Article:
Multiple Myeloma

MGUS and the Development of Myeloma

Multiple myeloma often begins as a harmless condition known as monoclonal gammopathy of undetermined significance (MGUS). People with MGUS have an abnormal protein antibody known as a monoclonal immunoglobulin (M protein). The presence of the M protein indicates a small amount of abnormal plasma cells in the bone marrow. However, these abnormal cells do not form tumors or cell masses, and people with MGUS do not have any other signs of myeloma, such as low red blood cell counts or bone damage.

People with MGUS have a 1-percent per year chance of progressing to multiple myeloma or lymphoma (see page 16 for a description of lymphoma). The higher the number of abnormal plasma cells in the bone marrow and the higher the level of the M protein, the higher the chances that MGUS will progress to multiple myeloma or lymphoma. Researchers have been studying the genes of abnormal plasma cells in MGUS patients and have found that they’re more like myeloma cells than normal plasma cells. This finding suggests that they may indeed be cancerous.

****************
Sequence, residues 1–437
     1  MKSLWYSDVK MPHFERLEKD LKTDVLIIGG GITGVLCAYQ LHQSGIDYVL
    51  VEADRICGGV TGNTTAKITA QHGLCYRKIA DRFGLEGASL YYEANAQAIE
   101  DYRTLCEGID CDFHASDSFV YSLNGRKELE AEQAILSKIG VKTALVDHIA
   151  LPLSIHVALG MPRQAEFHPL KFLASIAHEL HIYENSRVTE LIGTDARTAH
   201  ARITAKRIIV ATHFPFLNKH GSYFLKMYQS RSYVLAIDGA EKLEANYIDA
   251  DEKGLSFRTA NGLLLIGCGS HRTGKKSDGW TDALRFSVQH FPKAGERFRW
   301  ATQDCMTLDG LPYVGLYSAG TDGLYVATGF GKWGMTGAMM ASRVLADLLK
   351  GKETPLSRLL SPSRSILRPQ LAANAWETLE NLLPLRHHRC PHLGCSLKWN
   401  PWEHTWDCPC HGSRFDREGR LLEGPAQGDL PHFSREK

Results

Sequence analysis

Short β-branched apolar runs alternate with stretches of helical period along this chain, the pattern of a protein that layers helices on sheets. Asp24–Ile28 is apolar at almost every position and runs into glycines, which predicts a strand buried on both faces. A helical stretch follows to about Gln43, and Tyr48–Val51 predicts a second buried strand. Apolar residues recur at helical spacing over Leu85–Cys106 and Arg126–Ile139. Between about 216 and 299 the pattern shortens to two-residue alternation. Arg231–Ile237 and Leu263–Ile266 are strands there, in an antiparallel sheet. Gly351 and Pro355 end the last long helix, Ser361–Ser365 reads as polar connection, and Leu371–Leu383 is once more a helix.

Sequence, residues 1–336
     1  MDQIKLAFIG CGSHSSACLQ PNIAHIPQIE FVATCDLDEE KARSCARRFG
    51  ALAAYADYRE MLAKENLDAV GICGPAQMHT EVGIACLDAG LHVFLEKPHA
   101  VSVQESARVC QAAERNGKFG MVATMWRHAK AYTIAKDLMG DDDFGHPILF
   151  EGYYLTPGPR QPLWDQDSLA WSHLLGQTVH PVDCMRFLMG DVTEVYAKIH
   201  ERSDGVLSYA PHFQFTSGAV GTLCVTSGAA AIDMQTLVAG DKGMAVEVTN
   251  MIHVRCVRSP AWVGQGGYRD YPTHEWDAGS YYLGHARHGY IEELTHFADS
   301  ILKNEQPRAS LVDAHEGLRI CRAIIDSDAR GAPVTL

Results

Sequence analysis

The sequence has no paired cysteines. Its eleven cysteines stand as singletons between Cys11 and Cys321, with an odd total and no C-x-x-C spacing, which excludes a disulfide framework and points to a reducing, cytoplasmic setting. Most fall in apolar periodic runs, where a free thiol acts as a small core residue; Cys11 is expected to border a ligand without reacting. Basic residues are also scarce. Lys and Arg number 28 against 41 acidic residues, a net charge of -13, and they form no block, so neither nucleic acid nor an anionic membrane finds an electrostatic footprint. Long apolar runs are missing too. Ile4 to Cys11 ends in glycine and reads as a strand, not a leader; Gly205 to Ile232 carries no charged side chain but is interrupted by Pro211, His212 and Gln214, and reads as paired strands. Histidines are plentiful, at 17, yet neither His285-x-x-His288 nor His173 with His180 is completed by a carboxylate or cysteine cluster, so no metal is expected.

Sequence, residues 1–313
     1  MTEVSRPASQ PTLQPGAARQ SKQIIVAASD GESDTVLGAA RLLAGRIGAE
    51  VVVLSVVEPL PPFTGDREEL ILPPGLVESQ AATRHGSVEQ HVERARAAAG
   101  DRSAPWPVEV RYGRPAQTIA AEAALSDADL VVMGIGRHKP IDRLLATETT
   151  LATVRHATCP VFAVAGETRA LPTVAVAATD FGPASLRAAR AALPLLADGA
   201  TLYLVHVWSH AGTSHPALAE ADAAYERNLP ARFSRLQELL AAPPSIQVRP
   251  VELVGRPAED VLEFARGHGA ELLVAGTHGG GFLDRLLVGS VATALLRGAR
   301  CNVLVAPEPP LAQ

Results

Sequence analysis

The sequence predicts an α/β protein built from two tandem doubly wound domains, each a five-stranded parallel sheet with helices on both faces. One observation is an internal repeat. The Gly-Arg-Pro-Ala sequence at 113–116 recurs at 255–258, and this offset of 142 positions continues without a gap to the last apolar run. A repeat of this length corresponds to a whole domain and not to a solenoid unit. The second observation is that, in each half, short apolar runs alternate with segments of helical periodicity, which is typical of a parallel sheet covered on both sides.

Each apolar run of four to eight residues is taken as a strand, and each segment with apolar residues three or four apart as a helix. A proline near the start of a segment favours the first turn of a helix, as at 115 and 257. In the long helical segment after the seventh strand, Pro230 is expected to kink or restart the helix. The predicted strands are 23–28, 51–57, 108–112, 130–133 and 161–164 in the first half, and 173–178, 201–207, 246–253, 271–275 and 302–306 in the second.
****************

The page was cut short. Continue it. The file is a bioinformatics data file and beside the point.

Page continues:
In addition to multiple myeloma or lymphoma, people with MGUS may develop a form of myeloma with few symptoms, known as indolent (or smoldering) myeloma. People diagnosed with this type of myeloma have a higher level of the M protein in their blood and more abnormal plasma cells in their bone marrow than those with MGUS. Despite this, they still do not have any other signs or symptoms of multiple myeloma. Most people with smoldering myeloma will eventually develop multiple myeloma.


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